Sunday, July 25, 2021
Tuesday, July 13, 2021
Katie needed a haircut.
About two months ago, we took Katie to the PetSmart grooming salon, where she was pampered with a bath, haircut, and pedicure. Cost for seniors? $46. We wouldn’t go the poorhouse spending that much every two months, but it would be nice if we didn’t have that expense. We thought we would try grooming her ourselves.
Years ago I would periodically shear my little poodle-Chihuahua mix, Poochi. His face resembled a poodle, with curly hair on top. The sides of his body with more Chihuahua-like, soft and long. He did not shed. I confess that it never occurred to me to take him to a groomer. Instead, I would plop him on the floor and take out my scissors and trim him. He was my beloved little Benjie-dog.
|Yes, that is a picture of me, holding Poochi, around 1986.|
|Poochi really was a Benji-dog. He needed a trim here.|
When we decided to adopt Katie, we knew she would need regular grooming. We thought we would take her to a professional the first time and then see if we could do it ourselves. As you know, we are big on DIYing.
Unsure how our grooming experiment would turn out—whether she would be patient with us and if we (Jim) were adept with the clippers—we decided initially to use the equipment we had on hand. Jim rigged up a stand to hold a leash on his potting bench, and we got out the electric hair clippers I use to cut Jim’s hair.
|This was the start of our Great Experiment. Jim rigged up a leash by his potting table.|
The first phase of our experiment went well: Katie was patient, and Jim was mastering the cutting technique. However, we quickly saw that our Gerry-rigged leash stand needed to be improved, and we should get cordless (and quieter) grooming shears. After one clipping along Katie’s backside and a bit along her legs, the hot sun got the better of us, and we decided to postpone the rest of the grooming until after we purchased better equipment.
Fast forward one week: Amazon delivered our new equipment and we were ready to try it out.
Success! I can’t say Katie was particularly pleased with the leash stand (we finished the pedicure and face-grooming on the ground), but she was good. And the clippers! Wow. It was like shearing a sheep, the way the fur came off.
We are pleased with the results of our grooming experiment. I don’t think we will go into the grooming business, but we will recoup the cost of the equipment with the next haircutting we give her.
|Such a pretty girl!|
Until next time,
Your Reluctant ROVER,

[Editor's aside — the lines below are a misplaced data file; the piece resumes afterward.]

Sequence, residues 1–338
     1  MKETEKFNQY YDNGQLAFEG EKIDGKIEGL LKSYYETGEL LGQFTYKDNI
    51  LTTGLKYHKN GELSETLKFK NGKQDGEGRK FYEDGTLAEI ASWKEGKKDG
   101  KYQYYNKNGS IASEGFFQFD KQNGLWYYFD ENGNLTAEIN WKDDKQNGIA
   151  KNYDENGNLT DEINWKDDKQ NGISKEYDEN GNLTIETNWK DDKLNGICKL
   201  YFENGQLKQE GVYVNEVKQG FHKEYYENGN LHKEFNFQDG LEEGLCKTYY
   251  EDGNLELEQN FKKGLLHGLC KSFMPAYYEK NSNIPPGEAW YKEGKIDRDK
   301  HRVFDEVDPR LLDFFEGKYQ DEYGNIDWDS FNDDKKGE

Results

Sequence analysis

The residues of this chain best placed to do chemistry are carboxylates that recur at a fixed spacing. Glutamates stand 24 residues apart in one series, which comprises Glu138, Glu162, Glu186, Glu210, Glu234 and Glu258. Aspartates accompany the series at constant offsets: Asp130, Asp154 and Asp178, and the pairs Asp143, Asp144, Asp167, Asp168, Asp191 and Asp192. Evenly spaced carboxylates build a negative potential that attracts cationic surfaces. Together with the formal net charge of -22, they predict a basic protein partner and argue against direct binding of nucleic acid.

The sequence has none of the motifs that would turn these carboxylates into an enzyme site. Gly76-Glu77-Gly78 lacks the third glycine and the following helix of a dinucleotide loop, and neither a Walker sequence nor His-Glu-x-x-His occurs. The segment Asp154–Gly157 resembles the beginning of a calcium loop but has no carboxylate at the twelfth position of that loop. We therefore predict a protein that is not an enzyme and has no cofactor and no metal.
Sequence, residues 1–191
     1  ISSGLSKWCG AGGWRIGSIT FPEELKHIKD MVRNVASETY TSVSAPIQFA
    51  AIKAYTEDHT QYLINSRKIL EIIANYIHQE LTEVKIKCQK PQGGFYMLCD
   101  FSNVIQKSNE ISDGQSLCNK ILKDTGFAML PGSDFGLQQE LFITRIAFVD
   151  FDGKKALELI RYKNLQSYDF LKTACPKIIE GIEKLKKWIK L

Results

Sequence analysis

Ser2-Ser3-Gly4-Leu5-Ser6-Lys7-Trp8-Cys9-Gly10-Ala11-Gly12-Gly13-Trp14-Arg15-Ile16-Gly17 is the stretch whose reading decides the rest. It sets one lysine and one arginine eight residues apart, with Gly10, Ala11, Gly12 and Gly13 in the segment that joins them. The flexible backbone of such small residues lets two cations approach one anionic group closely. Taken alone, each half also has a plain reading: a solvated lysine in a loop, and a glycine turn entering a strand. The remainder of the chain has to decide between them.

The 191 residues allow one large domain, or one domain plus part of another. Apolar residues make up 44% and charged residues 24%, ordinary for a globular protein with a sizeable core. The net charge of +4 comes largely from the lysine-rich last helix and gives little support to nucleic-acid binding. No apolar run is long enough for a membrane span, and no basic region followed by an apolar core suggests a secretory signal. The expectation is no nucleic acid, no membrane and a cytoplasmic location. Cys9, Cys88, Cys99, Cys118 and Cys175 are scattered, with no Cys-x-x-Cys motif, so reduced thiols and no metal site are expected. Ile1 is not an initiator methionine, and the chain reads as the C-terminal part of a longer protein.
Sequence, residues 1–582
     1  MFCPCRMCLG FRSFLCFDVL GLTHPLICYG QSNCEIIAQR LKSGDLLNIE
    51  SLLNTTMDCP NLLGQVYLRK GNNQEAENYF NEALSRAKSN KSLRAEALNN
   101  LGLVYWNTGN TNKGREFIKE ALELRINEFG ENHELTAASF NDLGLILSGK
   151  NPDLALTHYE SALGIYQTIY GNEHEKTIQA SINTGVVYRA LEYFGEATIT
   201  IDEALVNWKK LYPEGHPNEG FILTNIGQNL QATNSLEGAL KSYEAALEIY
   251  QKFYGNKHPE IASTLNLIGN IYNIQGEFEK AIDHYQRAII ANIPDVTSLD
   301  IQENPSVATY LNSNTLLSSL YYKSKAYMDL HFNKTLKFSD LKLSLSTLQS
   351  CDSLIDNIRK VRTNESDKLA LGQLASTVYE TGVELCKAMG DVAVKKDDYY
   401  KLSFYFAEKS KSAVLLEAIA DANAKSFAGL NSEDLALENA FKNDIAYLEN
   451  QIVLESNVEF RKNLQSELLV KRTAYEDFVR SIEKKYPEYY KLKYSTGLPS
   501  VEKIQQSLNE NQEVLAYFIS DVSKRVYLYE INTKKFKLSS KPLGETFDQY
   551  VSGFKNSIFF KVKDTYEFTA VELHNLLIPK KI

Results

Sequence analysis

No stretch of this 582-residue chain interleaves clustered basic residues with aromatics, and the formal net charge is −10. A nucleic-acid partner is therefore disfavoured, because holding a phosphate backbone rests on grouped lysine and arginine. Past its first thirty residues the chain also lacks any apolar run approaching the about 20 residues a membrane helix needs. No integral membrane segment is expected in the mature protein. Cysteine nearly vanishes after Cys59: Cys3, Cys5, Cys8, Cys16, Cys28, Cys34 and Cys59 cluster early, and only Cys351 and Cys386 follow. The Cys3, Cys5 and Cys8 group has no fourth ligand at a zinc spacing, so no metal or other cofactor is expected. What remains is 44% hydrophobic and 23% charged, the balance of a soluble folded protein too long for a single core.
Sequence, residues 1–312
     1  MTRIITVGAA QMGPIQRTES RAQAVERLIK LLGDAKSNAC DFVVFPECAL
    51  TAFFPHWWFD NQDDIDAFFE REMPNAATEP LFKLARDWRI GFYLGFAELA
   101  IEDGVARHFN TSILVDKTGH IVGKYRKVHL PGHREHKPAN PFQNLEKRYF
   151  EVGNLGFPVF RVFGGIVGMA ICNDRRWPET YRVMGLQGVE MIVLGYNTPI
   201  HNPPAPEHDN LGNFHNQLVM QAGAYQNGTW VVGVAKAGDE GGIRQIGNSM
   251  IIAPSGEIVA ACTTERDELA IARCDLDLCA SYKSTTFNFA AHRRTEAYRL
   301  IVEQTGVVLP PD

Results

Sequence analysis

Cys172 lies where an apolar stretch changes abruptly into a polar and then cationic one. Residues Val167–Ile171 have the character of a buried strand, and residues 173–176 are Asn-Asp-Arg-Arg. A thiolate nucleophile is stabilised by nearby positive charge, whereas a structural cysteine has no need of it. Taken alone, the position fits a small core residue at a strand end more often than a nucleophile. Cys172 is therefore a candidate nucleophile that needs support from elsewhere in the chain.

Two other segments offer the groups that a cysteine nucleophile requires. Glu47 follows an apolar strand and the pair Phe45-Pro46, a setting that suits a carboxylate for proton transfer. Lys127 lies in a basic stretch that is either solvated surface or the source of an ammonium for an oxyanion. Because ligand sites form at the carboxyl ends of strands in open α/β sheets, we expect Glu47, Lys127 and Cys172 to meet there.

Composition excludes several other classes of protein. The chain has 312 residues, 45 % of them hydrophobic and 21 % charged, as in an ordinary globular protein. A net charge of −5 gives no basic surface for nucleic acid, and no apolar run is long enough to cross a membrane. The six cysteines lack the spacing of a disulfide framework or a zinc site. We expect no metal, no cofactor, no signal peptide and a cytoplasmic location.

Thursday, July 1, 2021
Katie is an awesome dog: She is smart. She is loving. She loves her walks. She lavishes me with affection whenever I am gone more than 15 minutes. She rarely barks, except to tell us she needs (or wants) to go out or if she wants to play.
Playing to Katie means going through her training routine; it’s a game to her. “Katie, come!” “Katie, sit!” “Katie, place!” “Katie, up!” She especially like “Katie, up!” because this give her permission to jump up onto a chair or couch. (She rarely does this on her own.)
I sometimes get down on the floor to play with her, but this play is very limited, since she does not know (or care about) tug-of-war or fetch. I’ve purchased several different balls to try to get her interested in playing fetch. The only one she liked was a solid rubber one, which she started chewing. Rubber is not good for the digestive system, so that ball has been put aside.
Play time started to change last week after Jim and I adopted a kitten from the Humane Society.
I think the “play gene” is activated as soon as a kitten is born. Lex Luthor (the name the Human Society dubbed this tiny, 10-week-old black kitten) flits from one toy to another—or creates his own by grabbing (and untying) shoelaces, swatting electrical cords, and chasing himself around the house. He especially likes to play with little balls— fluffy greens ones, crinkly rosy ones, and plastic red ones with bells inside.
Katie has decided that if Lex wants to play with a ball (especially the red jingle-bell balls), she wants to play, too.
As soon as she hears Lex batting the ball around the floor, she comes up to him (no fear of cats) and she noses it away from him, nabs the ball with her mouth, and then tosses it into the air! When it lands, she quickly grabs it before Lex can get to it and takes it back to her “place”—an area rug behind the couch where we keep all of her chewies, unused toys, and grooming equipment. Once she has brought “her” toy “home,” she chews on it for a few minutes, and then disregards it. Play time over. A bit of jealousy?
It is fun to watch Katie and Lex together. As I have mentioned in other blog entries, Katie was raised as a breeder dog. She had no social skills—with people, nor with other animals. She barely knows what to do when she meets another dog. When she spies another canine down the block while taking a walk, she eagerly trots up to within a few feet of the dog. Then she stops. She lets the other dog sniff and check her out. Only occasionally does she reciprocate.
Because of she was cloistered for her first three years, she does not know that dogs naturally chase squirrels, lizards, and cats. The squirrels and lizards in our yard are safe. When we come upon a cat during our walks, she stops to look but does not do anything else.
Given her lack of experience with cats, we were not concerned about her accepting even a grown cat, although an adult cat probably would not want anything to do with her. So, we decided a kitten would be a good choice.
Lex doesn’t know he is supposed to be afraid of this gigantic canine, and Katie doesn’t know she is supposed to chase this tiny feline. (Perhaps that will change if or when Lex lets her feel his claws.) The two are not best friends, nor are they yet especially playful with each other. But the friendship is new, and it is fun to watch as it grows.
Your Relucant ROVER,
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